Hunter was never interested in this role.  The novel was based on his short teaching experience at a vocational school, and he had enlisted the help of multiple teachers to try to ensure accuracy in the story.  However, Hunter never claimed to be an expert on the subject, wanted the novel to be judged on its literary value, and was never really interested in starting a movement for educational change.  He continued to withdraw after the release of the film brought more public criticism.  While Hunter was not as interested in the sociology of his novel, and stepped away from these types of discussions, MGM had no such plans for the film.  The director and screenwriter Richard Brooks consulted a number of educational resources, as well as newspaper and magazine articles, on vocational schools, juvenile delinquency, and youth culture (p. 120).  In an attempt to maintain realism, many of the boys cast in the film had attended vocational schools but had no acting experience.  MGM felt their film was a service to the public.  They even released a manual with rebuttals of criticisms to the film, suggesting the film praised the high standards of education and was a tribute to the teaching profession. 

      The film certainly had its critics.  The U.S. Ambassador to Italy pressured organizers to withdraw the film from the Venice Film Festival because it did not offer an accurate picture of U.S. education.  The film was widely known to be at least partially based on Hunter’s teaching experiences in New York City, and teachers and principals there chastised the film for its many inaccuracies.  It was denounced by the National Education Association, the National Congress of Parents and Teachers, and the American Association of University Women (p. 127). 

      Though MGM defended their film as an honorable study of inner-city classrooms, their advertising for the film did not take the same tone.  Ads described the film as a, “drama of teen-age terror,” “primer in violence,” and, “a brass-knuckle punch in its startling revelation of teen-age savages” (p. 123,124).  Critics also pushed the film’s themes of violence and sensationalism rather than its merits.  Headlines read, “Teen-age Rebels Shock in ‘Blackboard Jungle,’” “Bad Boys in the Schoolroom,” and “Schoolroom Terrorism.”  This contrast in the way the film was scripted and developed and the way it was advertised and received made the film difficult to categorize.  An unfortunate effect of this lack of categorization was that it created difficulties in determining the difference between fact and fiction in the debate on education.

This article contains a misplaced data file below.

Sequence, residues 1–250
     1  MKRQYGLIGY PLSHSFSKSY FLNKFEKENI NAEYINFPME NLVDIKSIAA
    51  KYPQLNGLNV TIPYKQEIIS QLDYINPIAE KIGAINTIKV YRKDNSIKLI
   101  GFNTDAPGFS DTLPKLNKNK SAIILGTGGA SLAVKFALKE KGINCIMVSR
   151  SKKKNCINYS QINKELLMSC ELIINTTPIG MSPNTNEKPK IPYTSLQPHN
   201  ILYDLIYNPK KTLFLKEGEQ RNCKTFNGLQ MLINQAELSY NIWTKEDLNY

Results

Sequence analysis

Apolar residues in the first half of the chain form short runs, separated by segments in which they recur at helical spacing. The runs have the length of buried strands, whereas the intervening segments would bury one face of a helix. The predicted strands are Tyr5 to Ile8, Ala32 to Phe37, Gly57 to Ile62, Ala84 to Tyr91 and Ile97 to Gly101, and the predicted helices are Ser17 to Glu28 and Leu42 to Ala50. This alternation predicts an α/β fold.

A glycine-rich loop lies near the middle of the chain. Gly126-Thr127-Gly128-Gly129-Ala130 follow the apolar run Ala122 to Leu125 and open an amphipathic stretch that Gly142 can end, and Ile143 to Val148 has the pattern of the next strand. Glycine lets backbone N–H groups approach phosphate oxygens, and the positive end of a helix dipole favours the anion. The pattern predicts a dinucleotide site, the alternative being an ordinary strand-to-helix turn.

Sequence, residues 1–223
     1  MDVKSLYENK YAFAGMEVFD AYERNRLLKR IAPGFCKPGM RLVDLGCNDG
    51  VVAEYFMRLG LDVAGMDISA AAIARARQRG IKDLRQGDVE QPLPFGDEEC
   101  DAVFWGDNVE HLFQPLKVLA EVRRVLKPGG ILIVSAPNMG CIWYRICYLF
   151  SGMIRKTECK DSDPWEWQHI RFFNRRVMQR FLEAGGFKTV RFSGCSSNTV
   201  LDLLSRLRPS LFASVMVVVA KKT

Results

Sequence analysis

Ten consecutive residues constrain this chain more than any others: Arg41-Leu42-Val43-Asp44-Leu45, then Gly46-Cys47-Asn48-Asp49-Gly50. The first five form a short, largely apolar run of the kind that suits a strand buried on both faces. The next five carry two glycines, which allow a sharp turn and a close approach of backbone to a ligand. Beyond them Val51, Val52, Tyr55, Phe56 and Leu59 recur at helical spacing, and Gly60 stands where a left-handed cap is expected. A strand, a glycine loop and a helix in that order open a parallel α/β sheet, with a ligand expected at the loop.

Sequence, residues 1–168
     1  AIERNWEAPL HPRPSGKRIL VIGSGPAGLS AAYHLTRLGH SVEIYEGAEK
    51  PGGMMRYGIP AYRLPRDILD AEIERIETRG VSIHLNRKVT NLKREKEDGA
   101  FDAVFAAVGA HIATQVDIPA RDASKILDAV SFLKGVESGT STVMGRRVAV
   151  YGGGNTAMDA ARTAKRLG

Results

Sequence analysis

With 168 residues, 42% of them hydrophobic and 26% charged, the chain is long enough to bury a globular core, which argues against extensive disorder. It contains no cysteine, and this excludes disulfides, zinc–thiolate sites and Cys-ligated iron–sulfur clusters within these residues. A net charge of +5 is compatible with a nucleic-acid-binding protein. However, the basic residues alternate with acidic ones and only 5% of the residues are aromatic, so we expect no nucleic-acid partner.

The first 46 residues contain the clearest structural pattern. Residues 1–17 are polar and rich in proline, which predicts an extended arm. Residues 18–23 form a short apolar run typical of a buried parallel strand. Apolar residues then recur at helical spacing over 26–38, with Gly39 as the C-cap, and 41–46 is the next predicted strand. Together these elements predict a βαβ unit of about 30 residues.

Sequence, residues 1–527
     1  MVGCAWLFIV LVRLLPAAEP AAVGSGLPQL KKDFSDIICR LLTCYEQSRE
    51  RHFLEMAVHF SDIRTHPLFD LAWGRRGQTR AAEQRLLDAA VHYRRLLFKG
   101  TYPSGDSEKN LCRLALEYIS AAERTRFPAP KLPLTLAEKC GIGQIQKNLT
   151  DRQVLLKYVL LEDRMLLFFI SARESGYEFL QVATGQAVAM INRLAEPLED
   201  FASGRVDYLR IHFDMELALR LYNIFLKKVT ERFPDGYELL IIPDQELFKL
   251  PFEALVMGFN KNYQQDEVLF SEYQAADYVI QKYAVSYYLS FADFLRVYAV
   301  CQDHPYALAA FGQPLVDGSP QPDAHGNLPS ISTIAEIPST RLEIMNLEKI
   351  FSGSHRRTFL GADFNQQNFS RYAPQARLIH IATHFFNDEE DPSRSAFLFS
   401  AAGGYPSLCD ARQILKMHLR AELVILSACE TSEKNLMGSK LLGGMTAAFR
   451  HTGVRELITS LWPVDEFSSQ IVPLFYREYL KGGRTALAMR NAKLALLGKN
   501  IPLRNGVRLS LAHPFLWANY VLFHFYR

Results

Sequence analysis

Even though it served to spark debate on education, The Blackboard Jungle served in another way to narrow it.  Some began to look at the imaginary world of the film as the real standard for classroom evaluation.  This raised debates of school manageability and the importance of classroom control, but left out discourse on teacher shortages, budget deficits, and under-funded schools.  Emphasis went away from the importance of teaching students, replaced by the necessity of controlling them.  However, whether the novel and the film were a realistic statement on schools, a dangerous misrepresentation of American education, or a political statement on the cultural challenges of the 1950’s, the impact it had on both society and education are relevant and undeniable. 

Baker, D. (2005).  Rock Rebels and Delinquents: the Emergence of the Rock Rebel in 1950’s ‘Youth Problem’ Films.  Journal of Media and Cultural Studies, Vol. 19(1), p. 39-54

Burman, P.S. (producer), &, Brooks, R. (director). (1955).  Blackboard Jungle [motion picture]. United States: Metro Goldwyn Mayer.

Golub, A. (2004). Is Your School a Blackboard Jungle?: A Cultural History of America’s “Jungle Tempest.” Chapter in Into the Blackboard Jungle: Educational Debate and Cultural Change in 1950’s America.

Hunter, E. (1954). The Blackboard Jungle.  New York: Simon & Schuster.

McLean, M. (1995). One Person’s Opinion: It’s a “Blackboard Jungle” Out There: The Impact of Media and Film on the Public’s Perceptions of Violence in the Schools.  The English Journal, vol. 84(5), p. 19-21 


Summary of The Blackboard Jungle

Prepared by Clint Eckstein, OISE/University of Toronto, 2006